« Hey, I really enjoyed making this PowerPoint, » is one of those things nobody says. Haiku Deck aims to change that with its iPad app for making and viewing presentations.
Before addressing the pain point of bad PowerPoints, the founders of Haiku Deck were part of TechStars’ inaugural class of entrepreneurs in Seattle. Their initial idea didn’t fly but it was their experience on the ground, pitching to various investors or partners, that led them to the idea for Haiku Deck.
« We were almost never finding ourselves [pitching] in a conference room, » says Haiku Deck co-founder Adam Tratt. The app now has been downloaded 250,000 times, with more than 100,000 decks made by users.
Despite the introduction of tools including SlideRocket and Prezi, the process around creating and presenting slides hasn’t changed much in 20 years. It involves a lot of Google searching for images, resizing text and on occasion, adding animations that will make your audience chuckle, at least the first time. What you end up making is often nothing to boast about — it gets the point across, but can look jumbled or be hard to read for your audience.
Tratt looked to his past product experience at Microsoft (working on Office) where he became familiar with an important statistic about feature usage: 80% of people use 5% of product features. Often, full-featured software gives people « too much rope with which to hang themselves, » he explains.
That’s why Haiku Deck, much like the poetry format haiku, has a strict framework.
“99% of the world is not a designer.” Tratt notes most people know something looks good when they see it, but cannot pick out a color palette.
The app comes with five « themes, » or templates (with 11 more for purchase). Finding images is a no-brainer — the app actually allows you to input relevant Creative Commons images, with attribution included, as soon as you type in a slide title or body text (you can also upload your own images).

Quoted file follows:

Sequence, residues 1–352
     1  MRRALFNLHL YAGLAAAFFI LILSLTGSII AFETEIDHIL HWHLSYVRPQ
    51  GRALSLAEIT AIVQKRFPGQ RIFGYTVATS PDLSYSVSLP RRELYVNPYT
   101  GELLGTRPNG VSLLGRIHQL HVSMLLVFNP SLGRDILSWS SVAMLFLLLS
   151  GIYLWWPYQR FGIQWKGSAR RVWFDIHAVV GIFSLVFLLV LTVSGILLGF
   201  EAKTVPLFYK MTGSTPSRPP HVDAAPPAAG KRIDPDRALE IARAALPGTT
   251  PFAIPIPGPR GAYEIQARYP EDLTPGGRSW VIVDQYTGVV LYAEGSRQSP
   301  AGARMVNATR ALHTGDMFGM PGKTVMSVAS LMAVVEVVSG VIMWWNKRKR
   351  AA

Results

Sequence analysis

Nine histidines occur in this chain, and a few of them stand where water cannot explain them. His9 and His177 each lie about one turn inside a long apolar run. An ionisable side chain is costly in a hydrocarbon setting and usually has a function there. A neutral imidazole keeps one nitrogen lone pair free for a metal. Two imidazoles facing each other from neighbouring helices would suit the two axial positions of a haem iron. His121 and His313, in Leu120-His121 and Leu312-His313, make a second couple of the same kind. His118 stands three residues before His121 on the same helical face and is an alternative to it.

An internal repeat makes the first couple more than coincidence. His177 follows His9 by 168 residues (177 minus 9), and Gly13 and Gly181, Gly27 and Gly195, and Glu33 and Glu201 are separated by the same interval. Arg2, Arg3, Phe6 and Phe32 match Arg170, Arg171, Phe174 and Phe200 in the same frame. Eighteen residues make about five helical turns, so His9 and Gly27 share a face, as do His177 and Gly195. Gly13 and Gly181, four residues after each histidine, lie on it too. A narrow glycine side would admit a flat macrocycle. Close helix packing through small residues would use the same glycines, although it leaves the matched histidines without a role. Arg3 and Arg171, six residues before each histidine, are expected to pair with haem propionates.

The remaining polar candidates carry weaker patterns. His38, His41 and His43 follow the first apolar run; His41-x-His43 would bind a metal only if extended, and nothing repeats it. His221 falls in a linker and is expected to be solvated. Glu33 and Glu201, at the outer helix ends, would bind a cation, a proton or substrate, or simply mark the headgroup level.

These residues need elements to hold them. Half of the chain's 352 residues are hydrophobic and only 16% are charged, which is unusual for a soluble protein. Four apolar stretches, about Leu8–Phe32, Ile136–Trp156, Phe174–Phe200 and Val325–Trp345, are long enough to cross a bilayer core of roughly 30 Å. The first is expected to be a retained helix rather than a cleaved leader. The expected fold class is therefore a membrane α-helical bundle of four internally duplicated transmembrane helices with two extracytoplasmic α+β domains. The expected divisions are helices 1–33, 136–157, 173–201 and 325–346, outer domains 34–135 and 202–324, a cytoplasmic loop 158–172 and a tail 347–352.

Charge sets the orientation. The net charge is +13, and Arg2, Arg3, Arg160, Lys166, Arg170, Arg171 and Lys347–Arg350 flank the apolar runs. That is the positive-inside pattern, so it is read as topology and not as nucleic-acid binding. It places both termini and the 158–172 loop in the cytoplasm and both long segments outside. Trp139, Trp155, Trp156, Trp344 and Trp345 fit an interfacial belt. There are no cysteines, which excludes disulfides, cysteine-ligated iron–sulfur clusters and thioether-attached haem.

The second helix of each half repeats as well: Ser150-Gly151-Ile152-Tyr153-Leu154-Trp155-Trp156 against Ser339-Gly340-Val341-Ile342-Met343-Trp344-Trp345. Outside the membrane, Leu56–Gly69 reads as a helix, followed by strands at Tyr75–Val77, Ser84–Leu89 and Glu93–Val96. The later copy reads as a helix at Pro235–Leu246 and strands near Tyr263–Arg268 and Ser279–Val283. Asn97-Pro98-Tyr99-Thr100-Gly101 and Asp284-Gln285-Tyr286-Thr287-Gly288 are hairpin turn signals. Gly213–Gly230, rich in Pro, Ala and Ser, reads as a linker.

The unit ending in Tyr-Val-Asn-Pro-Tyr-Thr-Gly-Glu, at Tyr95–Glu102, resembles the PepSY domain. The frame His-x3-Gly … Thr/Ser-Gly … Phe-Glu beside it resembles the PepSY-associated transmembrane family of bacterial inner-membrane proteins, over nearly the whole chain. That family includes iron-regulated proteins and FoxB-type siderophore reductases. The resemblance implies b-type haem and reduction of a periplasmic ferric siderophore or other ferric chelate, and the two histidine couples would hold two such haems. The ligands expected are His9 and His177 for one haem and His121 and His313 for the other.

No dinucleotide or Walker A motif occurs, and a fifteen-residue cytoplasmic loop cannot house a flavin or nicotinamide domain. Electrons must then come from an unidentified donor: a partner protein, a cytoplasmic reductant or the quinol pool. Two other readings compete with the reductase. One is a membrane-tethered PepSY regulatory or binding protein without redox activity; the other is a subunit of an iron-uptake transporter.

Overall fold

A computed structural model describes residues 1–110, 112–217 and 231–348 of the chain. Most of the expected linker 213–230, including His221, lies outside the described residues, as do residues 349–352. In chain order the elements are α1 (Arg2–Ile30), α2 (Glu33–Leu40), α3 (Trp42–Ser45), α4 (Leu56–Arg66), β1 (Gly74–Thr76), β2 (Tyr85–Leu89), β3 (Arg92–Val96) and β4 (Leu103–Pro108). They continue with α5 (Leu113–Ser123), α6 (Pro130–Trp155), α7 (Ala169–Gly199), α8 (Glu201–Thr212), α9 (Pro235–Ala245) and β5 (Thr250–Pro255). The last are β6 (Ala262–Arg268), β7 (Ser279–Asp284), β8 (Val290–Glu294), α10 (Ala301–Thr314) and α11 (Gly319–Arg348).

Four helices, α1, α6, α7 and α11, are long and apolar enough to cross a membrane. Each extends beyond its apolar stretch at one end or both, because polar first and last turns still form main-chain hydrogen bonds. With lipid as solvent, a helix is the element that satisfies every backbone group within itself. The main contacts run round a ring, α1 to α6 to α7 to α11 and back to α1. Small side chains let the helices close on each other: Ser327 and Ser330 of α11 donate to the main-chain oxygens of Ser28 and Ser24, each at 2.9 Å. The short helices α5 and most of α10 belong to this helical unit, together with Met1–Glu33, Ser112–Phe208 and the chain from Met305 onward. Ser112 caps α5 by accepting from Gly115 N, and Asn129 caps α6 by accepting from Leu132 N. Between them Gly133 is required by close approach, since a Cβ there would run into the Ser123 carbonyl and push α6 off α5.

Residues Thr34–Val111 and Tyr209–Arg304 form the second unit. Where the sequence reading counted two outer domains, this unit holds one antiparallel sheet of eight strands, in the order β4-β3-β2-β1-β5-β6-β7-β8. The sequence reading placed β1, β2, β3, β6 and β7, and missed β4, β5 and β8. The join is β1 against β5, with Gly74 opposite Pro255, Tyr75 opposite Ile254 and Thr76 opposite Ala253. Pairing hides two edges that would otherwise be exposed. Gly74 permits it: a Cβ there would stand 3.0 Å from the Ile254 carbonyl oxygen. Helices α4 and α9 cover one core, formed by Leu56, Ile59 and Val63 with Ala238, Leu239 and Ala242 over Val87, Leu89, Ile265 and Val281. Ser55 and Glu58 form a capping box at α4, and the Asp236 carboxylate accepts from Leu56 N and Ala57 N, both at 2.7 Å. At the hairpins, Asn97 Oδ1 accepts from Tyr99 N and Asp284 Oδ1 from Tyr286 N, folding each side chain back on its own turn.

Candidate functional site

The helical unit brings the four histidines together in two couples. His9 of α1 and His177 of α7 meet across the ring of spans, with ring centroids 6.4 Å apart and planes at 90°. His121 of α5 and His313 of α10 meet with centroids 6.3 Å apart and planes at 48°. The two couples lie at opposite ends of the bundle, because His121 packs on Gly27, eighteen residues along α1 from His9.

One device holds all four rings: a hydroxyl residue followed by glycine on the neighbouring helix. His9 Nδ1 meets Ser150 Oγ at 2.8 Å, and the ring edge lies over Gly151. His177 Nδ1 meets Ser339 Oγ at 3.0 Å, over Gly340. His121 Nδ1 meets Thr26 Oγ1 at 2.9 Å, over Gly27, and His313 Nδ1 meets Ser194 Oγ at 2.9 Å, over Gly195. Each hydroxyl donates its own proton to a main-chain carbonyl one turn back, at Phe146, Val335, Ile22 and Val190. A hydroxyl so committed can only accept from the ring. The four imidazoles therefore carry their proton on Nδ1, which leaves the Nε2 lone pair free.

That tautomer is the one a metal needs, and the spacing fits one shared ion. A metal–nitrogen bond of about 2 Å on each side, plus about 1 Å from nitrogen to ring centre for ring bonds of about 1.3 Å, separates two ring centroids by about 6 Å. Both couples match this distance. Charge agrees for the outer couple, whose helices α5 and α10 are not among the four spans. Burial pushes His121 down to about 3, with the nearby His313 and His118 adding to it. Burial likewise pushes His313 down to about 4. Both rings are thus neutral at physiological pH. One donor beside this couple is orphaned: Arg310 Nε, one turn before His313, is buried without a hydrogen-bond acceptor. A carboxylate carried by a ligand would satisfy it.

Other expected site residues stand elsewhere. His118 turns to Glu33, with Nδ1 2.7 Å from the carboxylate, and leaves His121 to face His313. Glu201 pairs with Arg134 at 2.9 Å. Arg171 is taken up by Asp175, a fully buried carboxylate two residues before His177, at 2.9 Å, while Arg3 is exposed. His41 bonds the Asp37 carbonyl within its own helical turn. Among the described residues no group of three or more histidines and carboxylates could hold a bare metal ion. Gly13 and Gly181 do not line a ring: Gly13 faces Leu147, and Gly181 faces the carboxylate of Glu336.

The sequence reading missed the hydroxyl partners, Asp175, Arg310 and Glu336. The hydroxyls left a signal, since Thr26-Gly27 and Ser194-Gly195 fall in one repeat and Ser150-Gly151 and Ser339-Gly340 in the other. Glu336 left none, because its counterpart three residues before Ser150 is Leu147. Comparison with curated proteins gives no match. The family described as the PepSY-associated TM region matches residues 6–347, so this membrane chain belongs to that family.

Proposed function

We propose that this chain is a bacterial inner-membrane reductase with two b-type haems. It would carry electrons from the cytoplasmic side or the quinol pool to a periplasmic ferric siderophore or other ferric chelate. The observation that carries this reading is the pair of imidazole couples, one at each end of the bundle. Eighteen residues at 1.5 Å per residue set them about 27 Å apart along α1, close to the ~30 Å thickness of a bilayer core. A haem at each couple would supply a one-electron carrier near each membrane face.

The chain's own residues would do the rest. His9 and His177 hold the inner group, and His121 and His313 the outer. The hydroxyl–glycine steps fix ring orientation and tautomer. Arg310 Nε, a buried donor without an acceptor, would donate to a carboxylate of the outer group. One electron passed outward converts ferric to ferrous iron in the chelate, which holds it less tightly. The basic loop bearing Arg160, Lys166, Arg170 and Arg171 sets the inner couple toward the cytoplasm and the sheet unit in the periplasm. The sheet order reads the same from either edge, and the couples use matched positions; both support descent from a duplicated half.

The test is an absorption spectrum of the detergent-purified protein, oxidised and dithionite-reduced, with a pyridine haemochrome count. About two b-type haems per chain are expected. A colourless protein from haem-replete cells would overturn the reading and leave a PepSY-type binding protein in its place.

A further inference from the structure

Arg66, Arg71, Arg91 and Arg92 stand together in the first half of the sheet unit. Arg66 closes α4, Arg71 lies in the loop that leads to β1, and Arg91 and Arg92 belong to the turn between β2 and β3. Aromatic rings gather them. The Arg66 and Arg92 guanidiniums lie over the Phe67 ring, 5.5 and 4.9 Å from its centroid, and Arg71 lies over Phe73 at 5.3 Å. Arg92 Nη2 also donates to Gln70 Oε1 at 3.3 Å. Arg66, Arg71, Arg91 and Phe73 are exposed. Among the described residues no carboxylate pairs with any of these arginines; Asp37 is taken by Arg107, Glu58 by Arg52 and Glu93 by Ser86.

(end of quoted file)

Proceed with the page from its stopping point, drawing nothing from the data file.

The charts included in Haiku Deck are also unique. In a time when data turns heads, bring it into pitches is crucial, but the numbers themselves don’t always tell the story. Haiku Deck offers three types of charts: bar chart, pie chart and statistic chart. For example, in the bar chart, you would drag the bar to the correct number, say, 80 — and then add a label for each bar. It’s the kind of gesture action you expect when using a touchscreen.
How is it possible to simplify something like PowerPoint down to an app that feels natural on the iPad? Since Tratt knew they’d need to include only essential features, he just looked to the standard tips for making an effective presentation:
- A single idea per slide
- Powerful images
- Consistent formatting
While there’s various ways to display your Haiku Deck on a projector for viewing in a conference room, including exporting to PowerPoint, through AirPlay or a dongle, the real win is for presentations both created and shown on the tablet itself. It’s great for walking around a conference, and of course, you can edit and update your pitch information on the fly.
To see for yourself, check out this Haiku Deck on positive thinking. Notice how each slide is limited to one idea and the images never compete with text for your attention. This is not a product of professional, expensive design — just the way Haiku Deck is built to work.